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All Good Things
February 27, 2024

I'm Here

As we are now in another season of Lent, it is another season of reflection for me. This then might lead you to ask, what is it exactly that I am reflecting on this Lenten season? The simple answer to this question for me is based on one simple reason. In almost every if not every church or chapel I have gone to where Mass is celebrated, a crucifix is clearly present somewhere within the sanctuary or on the altar. There is one day that my primary reflection during mass all year round is based on. That day for me is the Friday of the Passion of the Lord, also known as Good Friday, where Jesus Christ makes the true sacrifice of His own life, that our souls may enter the Kingdom of Heaven one day. Every time I attend mass to receive His Body and Blood in the Eucharist, there is always one point where I find myself in deep contemplation while keeping my eyes on the crucifix within the sanctuary or on the altar, going into deep reflection and contemplation on His suffering and death this day, conquering death that we may enter into eternal life with Him one day through His resurrection on the third day.

A challenge I have taken on this Lent in relation to a New Year’s Resolution I made for 2024, was to read and interact with Scripture as a way of strengthening my own friendship and relationship with Christ Jesus. In taking up this challenge as a devotion, there is one scripture verse that jumps out to me from the Gospel of Mark as the main Gospel I have been studying so far this year, being that we are in Year B, the liturgical year of Mark. This verse comes from when Jesus was praying in Gethsemane, and He tells His disciples: “Watch and pray that you may not enter into temptation. The spirit is indeed willing, but the flesh is weak” (Mk. 14:38 ESV Catholic Edition).

Every year on Good Friday as a tradition of mine, I watch Mel Gibson’s Passion of the Christ and there are two scenes in the movie that no matter how many times I watch them, I can never get through them without shedding tears. Both scenes I am referring to showcase our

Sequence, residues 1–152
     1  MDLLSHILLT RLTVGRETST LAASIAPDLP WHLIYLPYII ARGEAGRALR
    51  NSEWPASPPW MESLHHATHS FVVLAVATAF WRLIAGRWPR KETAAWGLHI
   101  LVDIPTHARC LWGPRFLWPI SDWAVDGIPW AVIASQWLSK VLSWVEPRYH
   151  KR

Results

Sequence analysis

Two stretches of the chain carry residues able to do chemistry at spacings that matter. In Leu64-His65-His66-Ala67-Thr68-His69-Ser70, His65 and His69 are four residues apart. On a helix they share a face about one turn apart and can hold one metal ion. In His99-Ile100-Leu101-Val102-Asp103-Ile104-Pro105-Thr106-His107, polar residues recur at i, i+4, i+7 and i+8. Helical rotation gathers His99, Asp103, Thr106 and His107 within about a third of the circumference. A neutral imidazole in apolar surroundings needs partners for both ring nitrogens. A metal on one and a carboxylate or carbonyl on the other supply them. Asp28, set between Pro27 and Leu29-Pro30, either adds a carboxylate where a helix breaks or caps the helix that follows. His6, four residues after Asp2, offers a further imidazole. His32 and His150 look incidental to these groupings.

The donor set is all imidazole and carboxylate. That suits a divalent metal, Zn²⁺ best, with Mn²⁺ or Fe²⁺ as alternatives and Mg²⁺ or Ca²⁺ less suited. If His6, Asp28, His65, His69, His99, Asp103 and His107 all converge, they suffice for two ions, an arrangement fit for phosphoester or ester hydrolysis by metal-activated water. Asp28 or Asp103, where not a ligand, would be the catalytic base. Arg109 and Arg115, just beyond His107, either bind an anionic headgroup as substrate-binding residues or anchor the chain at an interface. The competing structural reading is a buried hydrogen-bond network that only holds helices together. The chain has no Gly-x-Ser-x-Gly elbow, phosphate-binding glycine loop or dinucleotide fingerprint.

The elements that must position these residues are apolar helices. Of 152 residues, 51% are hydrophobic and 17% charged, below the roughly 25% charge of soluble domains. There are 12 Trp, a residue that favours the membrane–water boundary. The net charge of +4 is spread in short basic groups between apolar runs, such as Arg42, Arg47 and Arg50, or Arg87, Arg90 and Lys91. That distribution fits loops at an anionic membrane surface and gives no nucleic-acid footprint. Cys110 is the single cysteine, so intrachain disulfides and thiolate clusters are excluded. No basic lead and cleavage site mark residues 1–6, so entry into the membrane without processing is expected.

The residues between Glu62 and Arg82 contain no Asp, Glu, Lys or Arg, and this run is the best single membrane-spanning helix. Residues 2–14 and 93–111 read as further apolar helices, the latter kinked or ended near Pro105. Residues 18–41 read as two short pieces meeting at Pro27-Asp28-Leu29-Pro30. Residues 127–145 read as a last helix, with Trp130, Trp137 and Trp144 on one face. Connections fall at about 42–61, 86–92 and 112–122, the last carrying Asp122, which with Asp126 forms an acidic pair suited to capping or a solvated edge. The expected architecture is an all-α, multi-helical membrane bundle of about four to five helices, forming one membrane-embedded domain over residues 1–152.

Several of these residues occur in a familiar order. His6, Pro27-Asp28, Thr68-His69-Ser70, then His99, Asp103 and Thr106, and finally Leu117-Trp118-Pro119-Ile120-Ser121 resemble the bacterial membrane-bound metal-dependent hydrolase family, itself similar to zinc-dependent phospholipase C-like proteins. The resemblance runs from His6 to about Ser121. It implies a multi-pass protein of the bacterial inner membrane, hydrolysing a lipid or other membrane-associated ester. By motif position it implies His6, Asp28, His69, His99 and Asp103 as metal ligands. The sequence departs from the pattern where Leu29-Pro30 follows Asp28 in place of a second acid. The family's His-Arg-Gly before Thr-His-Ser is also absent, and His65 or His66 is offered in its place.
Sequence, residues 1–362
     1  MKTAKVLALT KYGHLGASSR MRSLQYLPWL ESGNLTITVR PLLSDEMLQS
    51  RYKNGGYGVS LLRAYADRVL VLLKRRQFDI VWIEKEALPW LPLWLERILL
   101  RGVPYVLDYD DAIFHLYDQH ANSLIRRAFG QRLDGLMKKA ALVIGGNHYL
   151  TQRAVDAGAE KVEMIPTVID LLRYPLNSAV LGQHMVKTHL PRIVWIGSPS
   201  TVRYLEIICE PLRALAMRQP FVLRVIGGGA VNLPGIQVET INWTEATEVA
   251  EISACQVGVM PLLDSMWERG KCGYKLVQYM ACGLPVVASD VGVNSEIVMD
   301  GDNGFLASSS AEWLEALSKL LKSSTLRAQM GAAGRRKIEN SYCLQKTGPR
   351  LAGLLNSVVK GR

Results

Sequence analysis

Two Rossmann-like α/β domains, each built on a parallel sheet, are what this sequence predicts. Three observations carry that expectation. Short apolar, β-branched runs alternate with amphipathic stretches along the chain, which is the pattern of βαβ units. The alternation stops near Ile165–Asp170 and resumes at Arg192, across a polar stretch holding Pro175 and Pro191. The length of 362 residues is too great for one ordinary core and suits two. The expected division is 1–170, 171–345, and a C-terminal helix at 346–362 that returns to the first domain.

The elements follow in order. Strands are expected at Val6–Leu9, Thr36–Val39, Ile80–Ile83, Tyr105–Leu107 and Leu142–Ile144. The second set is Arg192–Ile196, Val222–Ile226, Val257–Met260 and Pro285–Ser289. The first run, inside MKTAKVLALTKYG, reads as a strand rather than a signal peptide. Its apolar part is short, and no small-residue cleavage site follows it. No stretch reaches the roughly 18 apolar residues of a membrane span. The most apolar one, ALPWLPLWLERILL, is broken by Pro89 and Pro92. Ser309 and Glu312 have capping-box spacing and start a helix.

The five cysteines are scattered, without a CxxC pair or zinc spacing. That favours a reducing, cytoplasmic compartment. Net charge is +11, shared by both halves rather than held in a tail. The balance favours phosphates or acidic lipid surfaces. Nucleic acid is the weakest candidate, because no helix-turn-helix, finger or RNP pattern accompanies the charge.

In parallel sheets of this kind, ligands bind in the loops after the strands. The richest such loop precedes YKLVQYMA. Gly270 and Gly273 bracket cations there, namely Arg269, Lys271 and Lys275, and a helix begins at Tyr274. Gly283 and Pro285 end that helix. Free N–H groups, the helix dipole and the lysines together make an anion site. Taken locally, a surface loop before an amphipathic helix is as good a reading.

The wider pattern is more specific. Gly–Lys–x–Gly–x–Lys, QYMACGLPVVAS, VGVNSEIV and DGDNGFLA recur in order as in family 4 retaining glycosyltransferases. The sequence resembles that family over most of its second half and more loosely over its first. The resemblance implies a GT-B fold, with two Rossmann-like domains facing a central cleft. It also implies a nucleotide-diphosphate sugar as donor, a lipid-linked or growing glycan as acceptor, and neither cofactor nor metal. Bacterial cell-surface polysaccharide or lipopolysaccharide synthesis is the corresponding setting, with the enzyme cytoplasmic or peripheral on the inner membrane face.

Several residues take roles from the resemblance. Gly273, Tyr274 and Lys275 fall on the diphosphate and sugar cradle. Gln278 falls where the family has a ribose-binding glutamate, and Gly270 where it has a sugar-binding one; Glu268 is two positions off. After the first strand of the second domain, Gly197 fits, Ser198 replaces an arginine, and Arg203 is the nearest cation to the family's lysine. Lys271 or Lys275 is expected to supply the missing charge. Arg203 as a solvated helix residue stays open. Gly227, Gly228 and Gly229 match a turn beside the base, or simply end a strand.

Blessed Mother and how she on this very sacred day, lives out this Gospel verse from Mark and exemplifies it for us. The first of the two scenes I am referring to is the Scourging at the Pillar where a great emphasis is placed on our Blessed Mother and how much she was suffering at that moment, watching her son suffer and get brutally scourged. While the high priests who demanded Pilate that he be crucified, all began to walk away and turn their backs as they could not watch such a horror, our Blessed Mother kept watch of her son and never left His side, despite how difficult and upsetting it clearly was for her. Keeping watch in such a way, shows the greatest love of a mother for her son possible, and it also serves as a model for us in our everyday lives in following Jesus’ command: “Watch and pray that you may not enter into temptation.”

The second scene of the movie for me where I cannot maintain a dry eye, is during the fourth station of the cross where Jesus meets his afflicted mother. This scene is done, emphasizing detail on Jesus’ first fall while carrying His cross, followed by Mother Mary running to her son. During this scene they also flash back to when Jesus was a little boy and fell where Mother Mary also ran to her son the exact same way, and when Jesus falls both as a child and while carrying His cross, she says to Him the same two words both times once she makes it to Him. “I’m here.”

My prayer this Lent, upon reflection of both scenes from Mel Gibson’s movie that I have described and how they relate to the Gospel verse from Mark’s Gospel, is that all of us as followers of Christ may be able to keep watch and pray without being afraid in the same way He urges His disciples to in Gethsemane, so that we too, like Mary our Blessed Mother, may be able to fervently say to our Lord and Savior on Good Friday, “I’m here.”

Daniel Cutrone, SFC '24

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